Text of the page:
MES 381 • Seminar in Middle Eastern Civilizations and Cultures
3:30 PM-6:30 PM
As an introduction, this course begins with a survey of the main lines in the development of historiography in the 19th and 20th centuries. The Second part of the introduction is a discussion of the new trends in historiography that developed in the last third of the 20th century: history of memory and based on memory, history based on experience, history of identities, virtual and speculative history, psycho-history and history of mentalities. The discussion will focus on the impact of these trends on traditional/conventional historical writing and on the relations between history and other disciplines.
The main body of the course is to analyze these developments in Jewish, Zionist and mainly modern Israeli historiography, beginning with Grätz and ending with the current controversy with post-Zionism. This analysis examines the structure of historical studies in Israel and its reasons; the relations between Jewish historiography and Jewish nationalism; between academic and non-academic historiography; the development of the "Jerusalem School" and its critiques; the phenomena of "new historians" and "critical sociologists", and the main controversies between them and traditional historians and sociologists over the beginning of Jewish statehood. The third and final part of the course deals with the relations between history and narrative, history and memory, and history and myth in their Israeli context. It will endeavor to answer the question whether there is a way out of the present crisis of Israeli and World historiography.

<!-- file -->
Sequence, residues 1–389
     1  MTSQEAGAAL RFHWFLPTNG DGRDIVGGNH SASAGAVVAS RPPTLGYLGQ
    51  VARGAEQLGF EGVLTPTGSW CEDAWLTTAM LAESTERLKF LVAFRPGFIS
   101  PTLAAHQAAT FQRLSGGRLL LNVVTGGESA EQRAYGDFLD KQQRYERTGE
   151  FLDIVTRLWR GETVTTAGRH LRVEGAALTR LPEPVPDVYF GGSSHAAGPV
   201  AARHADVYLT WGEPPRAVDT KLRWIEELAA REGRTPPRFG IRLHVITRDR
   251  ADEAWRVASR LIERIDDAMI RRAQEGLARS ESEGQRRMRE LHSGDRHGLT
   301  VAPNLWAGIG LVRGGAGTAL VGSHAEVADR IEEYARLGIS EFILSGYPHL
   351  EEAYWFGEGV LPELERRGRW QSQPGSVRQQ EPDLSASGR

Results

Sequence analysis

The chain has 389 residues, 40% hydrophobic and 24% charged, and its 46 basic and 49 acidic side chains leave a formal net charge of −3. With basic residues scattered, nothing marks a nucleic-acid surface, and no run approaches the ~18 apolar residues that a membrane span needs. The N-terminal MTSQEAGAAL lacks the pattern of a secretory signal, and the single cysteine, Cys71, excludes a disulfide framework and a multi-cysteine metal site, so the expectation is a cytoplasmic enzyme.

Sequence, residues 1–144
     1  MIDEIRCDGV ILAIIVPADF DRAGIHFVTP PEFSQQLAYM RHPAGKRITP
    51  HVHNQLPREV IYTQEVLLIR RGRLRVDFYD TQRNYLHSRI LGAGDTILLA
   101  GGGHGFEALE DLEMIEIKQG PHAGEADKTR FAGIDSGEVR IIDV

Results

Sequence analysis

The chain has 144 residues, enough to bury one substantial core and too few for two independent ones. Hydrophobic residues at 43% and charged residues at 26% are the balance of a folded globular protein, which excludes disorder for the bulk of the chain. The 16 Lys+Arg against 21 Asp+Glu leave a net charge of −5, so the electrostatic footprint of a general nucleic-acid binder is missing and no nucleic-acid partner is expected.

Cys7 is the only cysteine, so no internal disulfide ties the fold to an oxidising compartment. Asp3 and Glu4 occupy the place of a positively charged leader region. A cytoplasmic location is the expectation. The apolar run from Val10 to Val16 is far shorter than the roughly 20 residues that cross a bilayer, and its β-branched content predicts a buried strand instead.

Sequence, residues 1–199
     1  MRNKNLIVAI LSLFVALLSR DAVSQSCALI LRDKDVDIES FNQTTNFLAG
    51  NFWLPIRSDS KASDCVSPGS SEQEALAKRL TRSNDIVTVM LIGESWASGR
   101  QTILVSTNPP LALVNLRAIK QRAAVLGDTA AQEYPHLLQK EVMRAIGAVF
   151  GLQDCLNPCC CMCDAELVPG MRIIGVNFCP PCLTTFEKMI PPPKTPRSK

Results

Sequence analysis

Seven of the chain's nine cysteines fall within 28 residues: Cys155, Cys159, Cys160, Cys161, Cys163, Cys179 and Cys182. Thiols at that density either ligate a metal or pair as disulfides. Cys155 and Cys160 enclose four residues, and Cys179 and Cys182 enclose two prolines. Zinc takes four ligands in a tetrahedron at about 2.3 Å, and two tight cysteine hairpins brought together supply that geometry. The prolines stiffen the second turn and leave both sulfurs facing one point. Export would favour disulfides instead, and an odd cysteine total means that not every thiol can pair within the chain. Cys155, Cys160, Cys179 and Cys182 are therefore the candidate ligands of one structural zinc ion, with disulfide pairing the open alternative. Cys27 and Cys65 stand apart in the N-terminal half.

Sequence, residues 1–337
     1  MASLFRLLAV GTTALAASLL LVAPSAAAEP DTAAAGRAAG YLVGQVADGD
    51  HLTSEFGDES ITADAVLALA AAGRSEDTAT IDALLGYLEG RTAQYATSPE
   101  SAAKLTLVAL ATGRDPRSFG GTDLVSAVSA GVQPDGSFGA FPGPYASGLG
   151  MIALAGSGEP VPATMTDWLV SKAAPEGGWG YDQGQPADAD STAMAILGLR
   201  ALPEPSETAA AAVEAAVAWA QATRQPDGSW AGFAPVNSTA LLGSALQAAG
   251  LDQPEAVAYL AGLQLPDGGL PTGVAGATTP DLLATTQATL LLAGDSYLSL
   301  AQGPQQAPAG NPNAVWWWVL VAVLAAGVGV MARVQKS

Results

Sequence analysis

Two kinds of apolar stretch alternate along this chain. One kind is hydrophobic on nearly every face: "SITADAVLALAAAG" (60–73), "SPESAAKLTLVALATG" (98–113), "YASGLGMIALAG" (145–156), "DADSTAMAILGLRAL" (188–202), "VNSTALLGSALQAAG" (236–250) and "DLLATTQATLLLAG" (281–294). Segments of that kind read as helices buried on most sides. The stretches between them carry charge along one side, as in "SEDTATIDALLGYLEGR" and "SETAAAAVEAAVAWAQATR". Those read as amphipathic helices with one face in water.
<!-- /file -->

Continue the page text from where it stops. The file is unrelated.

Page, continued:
Gertrude Himmelfarb, The New History and the Old, Cambridge MA, Harvard University Press 2004. Arthur Marwick, The New Nature of History, Lyceum Books, London 2001 Jacques Le Goff, History and Memory, New York 1992 Allan Megill, '"Grand Narrative" and the Discipline of History', in Frank Ankersmit and Hans Kellner (eds.), A New Philosophy of History, Reaktion Books, London 1995, pp. 151-173 Geoffrey R. Elton, The Practice of History, Sidney 1967 Edward Halet Carr, What Is History, London 1961 Joyce Appleby, Lynn Hunt and Margaret Jacob, Telling the Truth about History, Norton, New York 1995 Ernst Breisach, On the Future of History: The Postmodernist Challenge and its Aftermath, The University of Chicago Press, Chicago 2003 Fritz Stern, The Varieties of History: From Voltaire to the Present, Cleveland and New York 1956 Peter Burke, The French Historical Revolution: The Analles School, 1929-1989, Stanford University Press, Stanford 1990 Richard Evans, In Defence of History, Norton, New York 1999 Keith Windschuttle, The Killing of History: How Literary Critics and Social Theorists Are Murdering Our Past, The Free Press, New York 1997 Yosef Hayim Yerushalmi, Zakhor: Jewish History and Jewish Memory, University of Washington Press, Seattle 1982 Amos Funkenstein, Perceptions of Jewish History, University of California Press, Berkeley 1993 Ephrayim Karsh, The Fabrication of Israeli History, London, Frank Cass 1997. David N. Myers, Re-Inventing the Jewish Past: European Jewish Intellectuals and the Zionist Return to History, Oxford University Press, New York 1995 David Myers and David Ruderman (eds.), The Jewish Past Revisited: Reflections on Modern Jewish Historians, Yale University Press, New Haven 1998 Ephraim Nimni (ed.), The Challenge of Post-Zionism: Alternatives to Israeli Fundamentalist Politics, Zed Books, London & New York 2003 Gabriel Piterberg, 'Domestic Orientalism: The Representation of "Oriental" Jews in Zionist/Israeli Historiography', British Journal of Middle Eastern Studies, 23 (2) November 1996, pp. 129-132 Laurence J. Silberstein (ed.), New Perspectives on Israeli History: The Early Years of the State, NYU University Press, New York 1991 Laurence J. Silberstein, The Postzionism Debate: Knowledge and Power in Israeli Culture, Routledge, New York and London 1999 Anita Shapira and Derek J. Penslar (eds.), Israeli Historical Revisionism: From Left to Right, Frank Cass, London 2003